The Soft Tyranny of Sentimentalism

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Editors Note: This is an excerpted chapter from Disorientation: How to Go to College Without Losing Your Mind, and is re-printed here with the permission of Ascension Press.

In the absence of faith, we govern by tenderness, and tenderness leads to the gas chamber. ~ Flannery O'Connor

If 20th-century atheism rode in on the backs of totalitarian regimes, the 21st-century has delivered unto the world an anti-God, anti-Church movement that fits seamlessly into shallow, postmodern popular culture. Having no need for uprisings and the hardware of destruction, the new fog of faith has crept in on the little cat feet of Sentimentalism and it now sits on its haunches, surveying its splendidly wrought sanctimony.

Sentimentalism is the force of feel-goodism, the means by which we may cast off the conventions of faith and casually dismiss those institutions that refuse to submit to the trending times and morals. The Sentimentalist trusts his feelings over hallowed authority or the urgings of his reason, frequently answering hard religious questions with some noble-sounding phrase like "The God I believe in wouldn't . . . " (fill in the blank). What fits in that blank is typically some tenet of traditional faith that isn't currently fashionable, some moral demand that pop culture considers impossible—and hence, not worth even trying. Thus the Sentimentalist, while believing he follows the inviolate voice of his conscience, is really sniffing after trends, forming his heart according to the sensus fidelium of middlebrow magazines and public radio.

A Sentimentalist cannot reconcile religious convictions—whether rooted in scripture, tradition, or cultural practice—that do not correspond with his own considered feelings, which for him are both weighty and principled. Convinced that the people he loves cannot possibly be denied anything they want by a just God, or that the same just God would not permit deformities, illness, war, childhood abuse, or any of the human sufferings common to us all, he will not participate in a Church so fault-riddled and out-of-step with a generous and enlightened generation as . . . his own.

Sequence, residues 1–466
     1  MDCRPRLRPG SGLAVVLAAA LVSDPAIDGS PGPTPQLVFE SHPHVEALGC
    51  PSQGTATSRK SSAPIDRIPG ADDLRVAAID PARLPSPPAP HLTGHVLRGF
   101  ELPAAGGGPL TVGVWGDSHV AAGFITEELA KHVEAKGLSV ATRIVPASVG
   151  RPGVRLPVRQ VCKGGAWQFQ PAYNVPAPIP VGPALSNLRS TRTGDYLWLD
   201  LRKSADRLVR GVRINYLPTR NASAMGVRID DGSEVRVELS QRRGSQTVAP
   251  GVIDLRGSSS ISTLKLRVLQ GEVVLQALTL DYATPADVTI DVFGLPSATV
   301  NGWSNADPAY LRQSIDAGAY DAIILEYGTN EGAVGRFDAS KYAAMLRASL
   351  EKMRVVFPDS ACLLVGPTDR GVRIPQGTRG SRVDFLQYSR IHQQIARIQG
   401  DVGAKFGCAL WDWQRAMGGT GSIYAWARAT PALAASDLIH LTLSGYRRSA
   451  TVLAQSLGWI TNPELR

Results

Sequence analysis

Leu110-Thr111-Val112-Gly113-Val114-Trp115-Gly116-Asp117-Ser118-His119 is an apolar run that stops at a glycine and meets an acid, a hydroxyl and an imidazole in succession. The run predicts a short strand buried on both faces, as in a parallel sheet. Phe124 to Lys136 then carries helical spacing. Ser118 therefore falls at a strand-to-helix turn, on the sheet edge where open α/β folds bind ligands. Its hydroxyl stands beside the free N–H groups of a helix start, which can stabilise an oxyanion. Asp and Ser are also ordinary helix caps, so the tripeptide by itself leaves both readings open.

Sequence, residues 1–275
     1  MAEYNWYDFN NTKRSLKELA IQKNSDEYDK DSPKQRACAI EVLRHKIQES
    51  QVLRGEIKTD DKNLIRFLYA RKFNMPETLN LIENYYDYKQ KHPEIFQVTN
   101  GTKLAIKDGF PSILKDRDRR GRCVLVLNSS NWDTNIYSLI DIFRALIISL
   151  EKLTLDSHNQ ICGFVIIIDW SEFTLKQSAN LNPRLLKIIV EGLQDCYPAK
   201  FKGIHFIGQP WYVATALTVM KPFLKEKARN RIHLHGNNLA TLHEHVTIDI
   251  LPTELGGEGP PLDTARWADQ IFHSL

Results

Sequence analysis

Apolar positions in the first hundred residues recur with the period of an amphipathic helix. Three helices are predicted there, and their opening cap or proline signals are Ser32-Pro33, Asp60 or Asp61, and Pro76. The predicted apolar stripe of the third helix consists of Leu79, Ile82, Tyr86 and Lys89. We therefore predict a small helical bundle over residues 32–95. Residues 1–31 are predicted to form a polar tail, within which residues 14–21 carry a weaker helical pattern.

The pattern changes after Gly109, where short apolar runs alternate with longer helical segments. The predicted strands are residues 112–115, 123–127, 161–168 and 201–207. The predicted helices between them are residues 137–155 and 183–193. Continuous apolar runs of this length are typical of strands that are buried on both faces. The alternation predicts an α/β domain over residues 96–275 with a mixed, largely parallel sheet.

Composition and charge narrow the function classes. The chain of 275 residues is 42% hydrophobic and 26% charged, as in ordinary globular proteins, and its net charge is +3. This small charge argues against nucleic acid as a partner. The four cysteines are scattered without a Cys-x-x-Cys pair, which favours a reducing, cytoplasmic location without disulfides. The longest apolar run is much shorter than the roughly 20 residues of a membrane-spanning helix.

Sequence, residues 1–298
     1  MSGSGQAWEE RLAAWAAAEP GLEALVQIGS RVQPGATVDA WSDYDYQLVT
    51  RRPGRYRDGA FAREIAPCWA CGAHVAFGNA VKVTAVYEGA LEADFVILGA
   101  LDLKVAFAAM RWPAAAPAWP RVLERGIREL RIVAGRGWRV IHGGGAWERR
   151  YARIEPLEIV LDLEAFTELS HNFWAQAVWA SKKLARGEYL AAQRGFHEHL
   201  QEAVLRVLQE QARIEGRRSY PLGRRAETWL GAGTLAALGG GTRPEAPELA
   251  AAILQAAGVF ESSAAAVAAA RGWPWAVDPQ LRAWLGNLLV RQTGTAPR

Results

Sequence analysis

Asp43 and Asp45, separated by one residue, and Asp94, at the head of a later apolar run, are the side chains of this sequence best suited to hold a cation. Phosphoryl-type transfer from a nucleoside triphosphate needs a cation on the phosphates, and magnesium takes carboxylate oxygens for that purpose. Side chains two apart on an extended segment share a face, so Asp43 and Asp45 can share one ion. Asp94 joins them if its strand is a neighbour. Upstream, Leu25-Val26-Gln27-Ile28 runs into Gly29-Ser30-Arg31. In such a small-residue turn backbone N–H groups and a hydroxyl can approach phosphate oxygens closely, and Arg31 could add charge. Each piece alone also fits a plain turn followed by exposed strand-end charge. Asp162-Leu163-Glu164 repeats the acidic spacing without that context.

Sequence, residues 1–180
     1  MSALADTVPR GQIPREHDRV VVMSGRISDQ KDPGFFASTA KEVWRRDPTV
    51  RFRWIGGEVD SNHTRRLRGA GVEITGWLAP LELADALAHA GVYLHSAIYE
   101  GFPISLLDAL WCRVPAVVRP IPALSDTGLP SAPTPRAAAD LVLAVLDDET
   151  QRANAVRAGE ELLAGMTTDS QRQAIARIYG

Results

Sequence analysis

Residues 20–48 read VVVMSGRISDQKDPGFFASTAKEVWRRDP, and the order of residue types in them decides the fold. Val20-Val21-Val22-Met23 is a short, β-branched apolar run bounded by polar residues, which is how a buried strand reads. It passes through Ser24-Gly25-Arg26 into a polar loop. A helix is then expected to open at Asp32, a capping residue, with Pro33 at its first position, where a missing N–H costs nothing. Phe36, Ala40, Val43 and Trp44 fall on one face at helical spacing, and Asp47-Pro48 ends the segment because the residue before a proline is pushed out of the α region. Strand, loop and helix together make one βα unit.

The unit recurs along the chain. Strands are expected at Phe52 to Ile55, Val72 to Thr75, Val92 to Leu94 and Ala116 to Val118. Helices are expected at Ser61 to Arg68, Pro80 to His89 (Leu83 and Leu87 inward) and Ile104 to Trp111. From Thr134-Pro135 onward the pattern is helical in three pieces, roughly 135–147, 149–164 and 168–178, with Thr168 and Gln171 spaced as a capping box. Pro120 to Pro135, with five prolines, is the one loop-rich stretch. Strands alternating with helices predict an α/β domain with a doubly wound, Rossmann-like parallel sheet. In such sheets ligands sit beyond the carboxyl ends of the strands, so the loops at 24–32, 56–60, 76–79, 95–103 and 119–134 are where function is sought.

I'm Too Good for the Church
That the churches are faulty is undeniable. The Catholic Church, indeed much of Christianity, is an unkempt housemother to a den of miscreants. The place is teeming with gossips, adulterers, cheats, and liars—and that's just in the pews. Her leadership is, to the progressive perspective, irredeemably sexist, patriarchal, repressed, intolerant, and perhaps malevolent; it supposedly clings to outmoded tradition and outmoded thought due to a shrunken heart and—moderns suggest—an insufficient capacity to reason.

These charges are easy to make; they are full of modern buzzwords that suggest other buzzwords and people use them as a sort of verbal shorthand, a social coding that denotes at which table one may sit in the societal lunchroom. They signal a bent of mind so "advanced" that it has done away with the need to reason, and is content to let feelings and desires dress up as critical thought. Hence, a Sentimentalist says he cannot reconcile himself to a Church that "holds women back"—a vague term used to signal support of women priests, while ignoring the historical evidence that Christianity helped women to "self-actualize" as no other societies ever did. He says he cannot believe in a God who would "punish love" and in this way signals support for gay marriage, while brushing off pesky questions about physiology, covenants, or Scripture.

Of Sloppy Thinking and Loose Shoes
The Sentimentalist uses such happy talk because it is inexact, squishy, and comfy like a gel insert in a shoe. He willingly trades the clarity of ideas for the feeling that he (as opposed to you) is enlarged of heart and ennobled of mind. Nearly a hundred years ago, long before the sexual revolution, G.K. Chesterton wrote, "We can always convict [Sentimentalists] by their weakness for euphemism. The phrase they use is always softened and suited for journalistic appeals. They talk of free love when they mean something quite different, better defined as free lust . . . they insist on talking about birth control when they mean less birth and no control."

8/21/2011 4:00:00 AM
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    Elizabeth Scalia is a weekly columnist at First Things.